In this issue of the Stabroek Business we reported on a visit to Guyana earlier this week by Prism Communications, a Jamaican product promotion company. Prism visited in collaboration with the European Union-funded Caribbean Export Development Agency to conduct a seminar for businesses involved or seeking to become involved in exporting their goods and wishing to upgrade their packaging and labelling standards in order to do so.
The first thing that should be said about the forum is that by putting the exercise together in the first place the Georgetown Chamber of Commerce and Industry (GCCI) demonstrated an awareness of one of the key weaknesses of the local manufacturing sector. If there is a seeming indifference to the packaging and labelling standards necessary to meet the requirements of the international market, it’s because many local manufacturers are yet to come to terms with that fundamental weakness in their marketing strategy.
The content of the forum was valuable and instructive and the under-representation by micro and small businesses at the event was disappointing, since it is clear that these are the kinds of operations that can most benefit from what Prism has to offer. In fact, this newspaper is willing to bet that many of local small producers have not yet even come around to contemplating the complexities of packaging and labelling as a tool that can help position their products on the international market; so preoccupied they are with the demands of the production process.
This is where we believe that while the GCCI has already said that it has made little if any headway in attracting very small local businesses to its ranks, it has to continue to do so since there is evidence that through initiatives like the Prism Communications seminar, the Chamber can contribute in various ways to the growth and development of the small manufacturing operators.
Interestingly, this newspaper’s conversation with the Managing Director of Prism Communications Beverley Hirst at the end of the seminar bears out our point that it would have been far more worthwhile if a larger number of small and micro enterprises (like Nature Gift on whom we also report in this issue) could have been at the Pegasus on Monday morning. Nature Gift’s owner, Devon Gilead, a bee-products producer appears to have discovered that he is unable to take any further steps out of his cottage industry status unless he pursues some of those image-altering pursuits that can only be realised through creative and high-quality packaging and labelling.
In effect, what we are discovering is that there is an urgent need for a paradigm shift in the outlook of our small manufacturers once their marketing ambitions extend beyond selling around the neighbourhood or hawking a few bottles outside the municipal market. In this context, one cannot, of course, discard the issue of cost. With the best will in the world product-promotion – particularly when you are aiming at the top shelves of the high-profile international supermarket chains – can cost a pretty penny. And this is where the rubber hits the road for small producers. As Ms Hirst put it during her conversation with this newspaper, however, we either do what we must or we get left behind.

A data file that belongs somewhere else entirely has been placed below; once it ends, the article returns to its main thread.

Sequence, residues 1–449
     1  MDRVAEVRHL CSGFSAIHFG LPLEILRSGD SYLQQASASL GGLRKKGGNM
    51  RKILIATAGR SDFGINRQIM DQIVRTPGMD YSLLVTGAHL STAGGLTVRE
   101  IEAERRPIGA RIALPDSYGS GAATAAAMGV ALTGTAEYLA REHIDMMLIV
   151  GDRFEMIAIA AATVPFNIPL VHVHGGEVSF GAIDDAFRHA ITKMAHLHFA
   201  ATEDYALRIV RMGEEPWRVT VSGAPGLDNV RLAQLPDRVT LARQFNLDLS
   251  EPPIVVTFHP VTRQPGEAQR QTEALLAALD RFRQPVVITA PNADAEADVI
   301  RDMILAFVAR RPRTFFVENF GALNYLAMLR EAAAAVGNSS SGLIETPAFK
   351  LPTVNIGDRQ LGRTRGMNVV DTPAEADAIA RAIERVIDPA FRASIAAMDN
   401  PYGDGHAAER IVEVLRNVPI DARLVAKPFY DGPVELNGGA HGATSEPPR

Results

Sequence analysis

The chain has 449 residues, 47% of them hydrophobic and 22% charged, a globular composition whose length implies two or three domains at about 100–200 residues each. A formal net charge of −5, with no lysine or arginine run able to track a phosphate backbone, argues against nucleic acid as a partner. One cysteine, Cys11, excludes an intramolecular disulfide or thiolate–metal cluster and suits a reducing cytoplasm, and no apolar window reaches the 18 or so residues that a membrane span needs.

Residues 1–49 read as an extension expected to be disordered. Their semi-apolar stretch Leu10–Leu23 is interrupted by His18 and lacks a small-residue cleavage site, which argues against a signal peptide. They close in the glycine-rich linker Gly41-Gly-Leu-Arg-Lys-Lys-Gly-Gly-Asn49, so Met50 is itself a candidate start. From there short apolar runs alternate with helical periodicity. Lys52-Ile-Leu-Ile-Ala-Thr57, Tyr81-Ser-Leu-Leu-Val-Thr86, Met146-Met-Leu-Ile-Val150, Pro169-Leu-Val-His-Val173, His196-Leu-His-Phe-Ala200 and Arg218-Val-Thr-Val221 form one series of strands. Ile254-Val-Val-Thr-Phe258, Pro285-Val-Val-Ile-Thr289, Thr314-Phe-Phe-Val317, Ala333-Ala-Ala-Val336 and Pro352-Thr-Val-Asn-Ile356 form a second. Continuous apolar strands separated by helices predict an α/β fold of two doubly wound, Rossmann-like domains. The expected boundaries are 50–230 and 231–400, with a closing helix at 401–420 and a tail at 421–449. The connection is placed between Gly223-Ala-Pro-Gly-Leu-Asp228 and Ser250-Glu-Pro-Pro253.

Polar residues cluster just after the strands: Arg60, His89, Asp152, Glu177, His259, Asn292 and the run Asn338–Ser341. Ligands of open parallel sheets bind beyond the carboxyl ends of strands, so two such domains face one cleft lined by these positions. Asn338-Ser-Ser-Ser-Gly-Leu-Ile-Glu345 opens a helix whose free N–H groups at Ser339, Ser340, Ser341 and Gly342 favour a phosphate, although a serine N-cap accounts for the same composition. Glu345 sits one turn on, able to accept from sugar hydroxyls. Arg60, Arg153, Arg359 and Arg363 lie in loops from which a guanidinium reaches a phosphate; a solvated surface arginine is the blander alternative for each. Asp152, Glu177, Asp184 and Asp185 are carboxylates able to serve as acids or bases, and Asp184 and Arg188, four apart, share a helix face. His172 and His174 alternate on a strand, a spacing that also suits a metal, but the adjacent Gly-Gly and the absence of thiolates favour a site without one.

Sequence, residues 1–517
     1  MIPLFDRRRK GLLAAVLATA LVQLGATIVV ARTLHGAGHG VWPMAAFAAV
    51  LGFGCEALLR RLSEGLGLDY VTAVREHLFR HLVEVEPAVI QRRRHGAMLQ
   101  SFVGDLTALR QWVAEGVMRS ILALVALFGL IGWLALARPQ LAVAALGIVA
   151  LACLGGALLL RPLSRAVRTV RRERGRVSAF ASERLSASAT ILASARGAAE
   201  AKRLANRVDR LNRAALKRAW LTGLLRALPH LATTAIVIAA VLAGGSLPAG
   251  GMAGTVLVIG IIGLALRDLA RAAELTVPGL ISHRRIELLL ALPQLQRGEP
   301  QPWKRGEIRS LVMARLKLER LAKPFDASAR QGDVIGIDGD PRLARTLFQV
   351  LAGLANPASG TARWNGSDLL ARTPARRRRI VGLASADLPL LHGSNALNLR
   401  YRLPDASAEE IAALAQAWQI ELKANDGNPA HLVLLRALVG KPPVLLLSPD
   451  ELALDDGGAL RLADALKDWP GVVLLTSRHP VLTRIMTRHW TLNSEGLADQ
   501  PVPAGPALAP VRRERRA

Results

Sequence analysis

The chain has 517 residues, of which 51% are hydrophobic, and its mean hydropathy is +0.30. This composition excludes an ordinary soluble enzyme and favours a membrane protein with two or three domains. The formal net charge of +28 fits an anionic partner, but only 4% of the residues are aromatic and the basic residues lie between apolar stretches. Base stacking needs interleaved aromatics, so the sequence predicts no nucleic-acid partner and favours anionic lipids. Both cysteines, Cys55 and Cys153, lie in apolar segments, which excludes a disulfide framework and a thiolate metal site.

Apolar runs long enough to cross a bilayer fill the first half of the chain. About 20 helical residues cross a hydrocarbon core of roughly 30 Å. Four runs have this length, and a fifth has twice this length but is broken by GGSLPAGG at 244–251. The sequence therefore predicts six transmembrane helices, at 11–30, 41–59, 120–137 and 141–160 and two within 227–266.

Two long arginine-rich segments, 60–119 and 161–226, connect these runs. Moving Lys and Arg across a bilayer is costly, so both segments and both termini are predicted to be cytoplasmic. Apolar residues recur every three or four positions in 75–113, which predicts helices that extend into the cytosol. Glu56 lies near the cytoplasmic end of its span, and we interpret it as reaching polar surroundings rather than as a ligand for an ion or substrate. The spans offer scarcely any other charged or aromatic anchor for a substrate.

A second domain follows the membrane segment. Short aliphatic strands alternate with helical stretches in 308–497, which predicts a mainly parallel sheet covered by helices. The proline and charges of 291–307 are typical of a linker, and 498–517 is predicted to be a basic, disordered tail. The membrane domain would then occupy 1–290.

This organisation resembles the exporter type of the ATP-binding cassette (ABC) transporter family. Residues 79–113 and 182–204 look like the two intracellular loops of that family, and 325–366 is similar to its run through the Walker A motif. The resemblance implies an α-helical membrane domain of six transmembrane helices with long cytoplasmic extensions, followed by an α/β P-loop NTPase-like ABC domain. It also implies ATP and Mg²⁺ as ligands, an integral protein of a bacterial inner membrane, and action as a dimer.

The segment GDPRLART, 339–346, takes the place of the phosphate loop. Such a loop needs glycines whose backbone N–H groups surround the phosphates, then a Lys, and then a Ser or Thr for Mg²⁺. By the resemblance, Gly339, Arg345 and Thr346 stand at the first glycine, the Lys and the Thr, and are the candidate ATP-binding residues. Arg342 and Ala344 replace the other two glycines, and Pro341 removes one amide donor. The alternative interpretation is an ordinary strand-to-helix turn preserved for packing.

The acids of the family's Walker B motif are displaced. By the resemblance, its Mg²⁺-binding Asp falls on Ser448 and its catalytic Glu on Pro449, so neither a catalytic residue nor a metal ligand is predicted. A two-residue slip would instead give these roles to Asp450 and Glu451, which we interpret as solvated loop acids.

This is where, one feels, there is need for both state and private sector intervention. There is, for example, a case for a firm with the stature and reputation of Prism to do more involved work here with the manufacturing sector and government, both of which, one assumes, have a vested interest in raising product-promotion standards and can ‘talk a deal’ on getting it done. Of course, there is no reason, whatsoever, why Guyana cannot, in the meantime, seek to create, its own product-promotion capacity since there is abundant evidence of need for that service.
It really makes no sense in ‘talking up’ the quality of our tamarind balls, for example (the days of the taste and buy commercial culture are long gone) in circumstances where consumers are, increasingly, seeking after those assurances which high-quality packaging and labelling provide. That approach might find some moderate level of success in the domestic market (and even here there is the pressure of having to compete with the high-quality packaging of food and other imports) it cannot hope to fly on external markets.
All of this is being discussed on the day when the Small Business Bureau is inaugurating the grants component of its US$5 million project designed to give some kinds of small businesses a shot in the arm. As far as we have been told the beneficiaries of grants from the Bureau have already benefited from training in some disciplines pertaining to their respective disciplines. In this regard it is to be hoped that the training seeks to respond to the imperatives of high-quality products and product-promotion since one assumes that at the end of the day those small entrepreneurs will also harbour elevated market ambitions for their products.